Jay and I at Sunasia Aquarium in Dalian, China.
photo courtesy of Chavonn Williams Shen

When Jay and I got engaged and visited his family in Dalian, China, I arrived eager for new experiences and with hopes to improve my Chinese. My Chinese then was superficial at best, composed mostly of “hello,” “thank you,” and food-related things. When I returned to the States, friends asked if my Chinese had improved. My response: “I learned enough to know when people are talking bad about me.”

Though this wasn’t blatant anti-Blackness, they still made it very apparent that I was a foreigner and that I didn’t belong. In spite of this, my trip was definitely worthwhile.

I also had amazing experiences there as well. All of my grandparents have passed, some before I was born, and I didn’t grow up near them. When I told this to Jay’s family, his nai nai, or paternal grandmother, said she would gladly adopt me. Our conversations were always translated, but she made a huge effort to interact with me. Jay’s friends and family always made sure to make me feel included, even with little things like taking the time to explain dishes to me when we went out to eat. It seems like a small gesture, but it meant a lot when I was in a new country.  But I also encountered plenty of cringe-worthy experiences when not with family. Jay and I went to a nearby aquarium, and I overheard staff asking each other whether I was “African Black” or “American Black,” among other stereotypes.  We rode the subway and kids would unabashedly point, telling their parents they found a Black American. Their stares grew more intense whenever we held hands in public, as if the very notion of a Chinese man with a Black woman in any context outside business was absurd. A woman once asked if Jay was my translator. He told her yes, but also said I was his wife. Her stares quickly went from curious to confused. Though this wasn’t blatant anti-Blackness, they still made it very apparent that I was a foreigner and that I didn’t belong. In spite of this, my trip was definitely worthwhile. I got to hug tiger cubs and get covered in giraffe drool at a local zoo in Dalian, we sang karaoke in private lounges, and I had my first taste of the sweet mangosteen fruit—something I can’t find in the Midwest. China is a beautiful country with thousands of years of rich history and breathtaking landmarks that I know I’ll visit often, but Black visitors should have realistic expectations.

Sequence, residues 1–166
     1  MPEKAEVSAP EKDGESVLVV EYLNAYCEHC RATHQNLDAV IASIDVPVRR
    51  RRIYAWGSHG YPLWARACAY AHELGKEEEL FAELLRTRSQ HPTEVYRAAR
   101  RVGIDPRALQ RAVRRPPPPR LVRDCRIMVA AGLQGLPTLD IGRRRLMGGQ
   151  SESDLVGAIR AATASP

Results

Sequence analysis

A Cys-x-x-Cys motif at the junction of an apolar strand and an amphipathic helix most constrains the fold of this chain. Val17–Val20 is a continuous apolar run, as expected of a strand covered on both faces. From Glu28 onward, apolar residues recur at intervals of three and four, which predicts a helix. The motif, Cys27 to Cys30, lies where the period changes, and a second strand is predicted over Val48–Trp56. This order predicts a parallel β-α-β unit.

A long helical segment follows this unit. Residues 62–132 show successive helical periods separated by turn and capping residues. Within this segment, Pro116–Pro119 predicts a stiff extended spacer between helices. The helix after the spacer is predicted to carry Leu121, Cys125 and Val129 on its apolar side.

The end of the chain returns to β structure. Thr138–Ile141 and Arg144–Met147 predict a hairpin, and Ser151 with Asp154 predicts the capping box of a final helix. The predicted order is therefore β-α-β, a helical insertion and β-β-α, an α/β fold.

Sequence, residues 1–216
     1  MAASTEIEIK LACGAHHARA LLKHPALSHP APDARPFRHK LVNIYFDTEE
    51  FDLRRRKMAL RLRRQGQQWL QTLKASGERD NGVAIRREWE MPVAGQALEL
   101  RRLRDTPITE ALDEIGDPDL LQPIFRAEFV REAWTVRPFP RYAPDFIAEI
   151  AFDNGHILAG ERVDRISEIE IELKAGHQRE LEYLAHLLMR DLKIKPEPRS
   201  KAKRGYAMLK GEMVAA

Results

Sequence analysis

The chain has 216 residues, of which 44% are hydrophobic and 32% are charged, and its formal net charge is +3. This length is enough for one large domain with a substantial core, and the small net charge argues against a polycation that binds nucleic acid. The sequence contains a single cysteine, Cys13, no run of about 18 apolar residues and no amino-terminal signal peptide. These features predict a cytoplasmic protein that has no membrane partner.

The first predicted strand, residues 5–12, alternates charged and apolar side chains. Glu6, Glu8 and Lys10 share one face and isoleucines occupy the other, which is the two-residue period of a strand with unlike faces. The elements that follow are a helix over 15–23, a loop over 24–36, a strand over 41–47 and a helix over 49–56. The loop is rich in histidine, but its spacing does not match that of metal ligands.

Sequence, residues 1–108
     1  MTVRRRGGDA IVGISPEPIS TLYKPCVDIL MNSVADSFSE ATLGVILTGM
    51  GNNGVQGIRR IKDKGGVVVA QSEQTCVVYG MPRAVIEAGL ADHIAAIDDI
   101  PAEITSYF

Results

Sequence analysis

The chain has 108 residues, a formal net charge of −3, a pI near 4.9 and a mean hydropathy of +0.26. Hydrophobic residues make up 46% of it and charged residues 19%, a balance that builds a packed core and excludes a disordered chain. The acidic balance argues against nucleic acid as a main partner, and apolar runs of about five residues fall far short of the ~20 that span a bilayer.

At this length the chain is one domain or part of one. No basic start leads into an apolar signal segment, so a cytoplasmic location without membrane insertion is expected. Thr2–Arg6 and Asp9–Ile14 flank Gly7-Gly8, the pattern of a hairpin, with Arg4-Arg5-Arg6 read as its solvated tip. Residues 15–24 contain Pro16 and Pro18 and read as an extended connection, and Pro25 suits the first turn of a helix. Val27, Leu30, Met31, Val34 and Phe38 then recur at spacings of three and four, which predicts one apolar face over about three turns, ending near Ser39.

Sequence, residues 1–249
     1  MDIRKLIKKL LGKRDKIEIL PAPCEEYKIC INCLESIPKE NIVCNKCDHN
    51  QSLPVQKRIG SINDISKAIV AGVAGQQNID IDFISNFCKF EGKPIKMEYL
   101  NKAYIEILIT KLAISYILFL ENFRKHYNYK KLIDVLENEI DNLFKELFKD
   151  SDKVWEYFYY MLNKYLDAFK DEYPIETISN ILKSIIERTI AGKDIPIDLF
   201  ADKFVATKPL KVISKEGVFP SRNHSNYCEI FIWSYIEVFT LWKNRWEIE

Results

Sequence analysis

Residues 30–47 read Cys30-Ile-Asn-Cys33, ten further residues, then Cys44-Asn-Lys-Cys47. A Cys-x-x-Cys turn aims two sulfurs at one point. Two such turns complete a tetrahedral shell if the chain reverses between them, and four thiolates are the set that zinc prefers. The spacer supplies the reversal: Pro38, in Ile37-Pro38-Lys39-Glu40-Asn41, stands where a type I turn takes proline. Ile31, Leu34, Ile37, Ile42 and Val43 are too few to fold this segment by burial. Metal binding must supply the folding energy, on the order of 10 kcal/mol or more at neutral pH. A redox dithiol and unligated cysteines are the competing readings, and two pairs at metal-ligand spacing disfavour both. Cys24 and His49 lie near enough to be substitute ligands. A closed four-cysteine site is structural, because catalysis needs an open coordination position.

It’s exhausting enough to deal with these things. I can’t imagine how shocking it would be to use WeChat in China and see the mistranslated n-word referring to me because I was late to meet up with friends. Anti-Blackness in China is a serious problem that shows up in seemingly innocuous ways but can have a deep impact on Black visitors.

China, do better.